lunged by Carolyn Bland and owned by Sydney Frankel, said her horse had a
slight trip at the beginning of her routine, which went unnoticed by all but
the most astute of observers.
"I told myself to trust the horse and it worked out," McCormick said,
relieved. "He was a champion! He's so steady; he's such a leader for me."
McCormick's technical prowess earned her an 8.300; she's hanging onto fourth
place now with a cumulative score of 8.133, less than six-hundredths of a
point behind the current bronze medal position.
"I'm ready to get out there and kick some butt tomorrow," McCormick said
good-naturedly. "I'm very excited about the Final. I've got the 'American
Woman' theme going here and hopefully we can get some emotional attachment
from the audience."
U.S. vaulters Megan Benjamin, 22, of Saratoga, CA, and Alicen Divita 21, of
Redwood City, CA, are just behind McCormick, sitting in fifth and sixth
places respectively. Benjamin, who was the 2006 World Champion in Aachen,
was rewarded with an 8.355 for today's technical test, bringing her back
into contention from eleventh place, with a new overall score of
8.065. Benjamin vaults with Urfreund Rosengaard, a 15-year-old Danish
Warmblood gelding, owned and lunged by Lasse Kristensen.
Divita's test brought in a score of 8.100, resulting in an overall score of
8.025. She vaults with Giovanni, a 13-year-old Mecklenberger gelding owned
lunged by her mother, Julie Divita.
The current leaders for the women's individual vaulting are Great Britain's
Joanne Eccles and W H Bentley, with a score of 8.327, Germany's Antje Hill
and Airbus, with an 8.207, and in the bronze medal position, Germany's
Simone Wiegele with Arkansas, whose cumulative score rests at 8.192.
In the Male Individual Technical Test, the United States' Todd Griffiths put
in a worthy performance, vaulting aboard Lanson 16, alongside lunger Jessica
Ballenger, to earn a technical score of 6.778, and an overall of 7.210.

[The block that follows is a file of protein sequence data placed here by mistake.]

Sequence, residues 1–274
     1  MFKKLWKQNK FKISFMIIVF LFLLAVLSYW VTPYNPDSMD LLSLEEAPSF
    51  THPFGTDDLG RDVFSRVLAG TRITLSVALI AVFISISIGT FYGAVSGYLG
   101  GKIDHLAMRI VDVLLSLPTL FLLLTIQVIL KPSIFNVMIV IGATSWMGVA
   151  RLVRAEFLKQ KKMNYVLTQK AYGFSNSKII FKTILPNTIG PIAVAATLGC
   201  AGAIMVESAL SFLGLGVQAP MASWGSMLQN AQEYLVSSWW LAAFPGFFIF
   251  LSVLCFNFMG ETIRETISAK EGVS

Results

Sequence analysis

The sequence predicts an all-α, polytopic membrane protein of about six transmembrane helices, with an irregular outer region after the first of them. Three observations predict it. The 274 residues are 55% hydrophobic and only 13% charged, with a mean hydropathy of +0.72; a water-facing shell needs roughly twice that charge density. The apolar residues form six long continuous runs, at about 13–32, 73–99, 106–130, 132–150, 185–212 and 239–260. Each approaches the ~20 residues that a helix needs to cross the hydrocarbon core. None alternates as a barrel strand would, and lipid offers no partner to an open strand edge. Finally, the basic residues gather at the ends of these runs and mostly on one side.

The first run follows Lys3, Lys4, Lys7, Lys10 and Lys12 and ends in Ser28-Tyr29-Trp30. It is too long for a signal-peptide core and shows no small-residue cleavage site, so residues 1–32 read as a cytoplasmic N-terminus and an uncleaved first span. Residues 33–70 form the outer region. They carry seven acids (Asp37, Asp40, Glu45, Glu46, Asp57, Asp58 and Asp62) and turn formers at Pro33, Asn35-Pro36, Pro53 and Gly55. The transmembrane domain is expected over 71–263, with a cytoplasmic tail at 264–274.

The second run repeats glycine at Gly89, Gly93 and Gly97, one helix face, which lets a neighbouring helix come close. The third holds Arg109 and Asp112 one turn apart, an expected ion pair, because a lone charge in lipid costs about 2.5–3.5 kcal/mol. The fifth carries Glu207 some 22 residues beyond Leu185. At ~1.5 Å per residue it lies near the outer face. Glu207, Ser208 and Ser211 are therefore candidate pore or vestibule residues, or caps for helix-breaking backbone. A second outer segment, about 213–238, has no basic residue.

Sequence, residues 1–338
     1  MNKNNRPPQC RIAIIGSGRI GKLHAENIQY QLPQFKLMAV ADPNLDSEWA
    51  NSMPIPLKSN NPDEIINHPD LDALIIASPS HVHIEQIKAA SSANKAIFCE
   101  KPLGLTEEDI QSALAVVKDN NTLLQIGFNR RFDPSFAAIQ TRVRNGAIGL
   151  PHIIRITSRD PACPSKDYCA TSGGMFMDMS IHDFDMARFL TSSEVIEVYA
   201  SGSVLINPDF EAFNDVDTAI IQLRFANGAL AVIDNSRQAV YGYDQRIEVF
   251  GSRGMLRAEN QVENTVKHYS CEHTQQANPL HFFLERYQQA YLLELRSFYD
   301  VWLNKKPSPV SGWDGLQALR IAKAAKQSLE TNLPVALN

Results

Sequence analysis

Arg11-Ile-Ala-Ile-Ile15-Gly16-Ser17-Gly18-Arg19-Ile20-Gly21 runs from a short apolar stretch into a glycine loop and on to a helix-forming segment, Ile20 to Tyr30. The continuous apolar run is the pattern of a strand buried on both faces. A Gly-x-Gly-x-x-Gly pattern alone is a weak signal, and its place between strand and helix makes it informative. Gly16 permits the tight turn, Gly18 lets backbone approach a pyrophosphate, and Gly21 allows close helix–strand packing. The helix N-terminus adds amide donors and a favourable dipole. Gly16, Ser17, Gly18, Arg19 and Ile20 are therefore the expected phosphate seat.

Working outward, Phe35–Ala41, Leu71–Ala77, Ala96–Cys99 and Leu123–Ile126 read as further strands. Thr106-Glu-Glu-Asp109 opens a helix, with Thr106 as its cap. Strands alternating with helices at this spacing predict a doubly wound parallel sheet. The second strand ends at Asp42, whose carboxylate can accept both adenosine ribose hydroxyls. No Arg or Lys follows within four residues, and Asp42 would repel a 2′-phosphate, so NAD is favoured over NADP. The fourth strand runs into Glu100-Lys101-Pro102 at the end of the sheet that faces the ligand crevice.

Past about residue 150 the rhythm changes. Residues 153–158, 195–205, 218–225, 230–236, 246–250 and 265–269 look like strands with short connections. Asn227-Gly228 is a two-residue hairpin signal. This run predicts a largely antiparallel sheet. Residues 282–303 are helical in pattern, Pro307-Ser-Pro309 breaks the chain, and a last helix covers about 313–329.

"I probably did the best technical I've done this year, if not ever,"
Griffiths said enthusiastically. "I feel really good about my performance,
and how my horse went."
As Griffiths, 31, is presently living in Canada, where he is a practicing
veterinarian, he knew he needed to borrow a horse he could trust
completely. That's where the 12-year-old Hanoverian gelding, Lanson 16,
"We have a really good connection and he carries me really well," he said of
his equine partner, who is owned by Jan and Betsy Garrod.
Griffiths is currently in 11th place. Going into Saturday's Individual
Final, his goal is simply to perform his freestyle better than ever.
"There are a lot of people I know in the stands, and that's a totally new
experience," he said. "It's fun to be able to look up and see people who are
there cheering for you. Freestyle is my strength, and I'm going to put in
two of the harder moves I know how to do. I want to give the home crowd a
taste of what U.S. vaulters can do, and go out with a bang."
Just behind Griffiths is Kenny Geisler and Jacadi de Rox, a 13-year-old
Selle Francais gelding, owned by Julie Anne Young. They're currently in 12th
place, after earning a 6.480 today, which brings their overall total to
The individual competitions for the FEI World Vaulting Championships will
conclude Saturday, with the Vaulting Freestyle Final in both the Women's and
Men's divisions. Competition is scheduled to begin at 2:00 p.m.
The team and individual competition from Friday, Saturday and Sunday will be
available as video-on-demand (recorded) on www.USEFNetwork.com, at the
conclusion of the competition each day.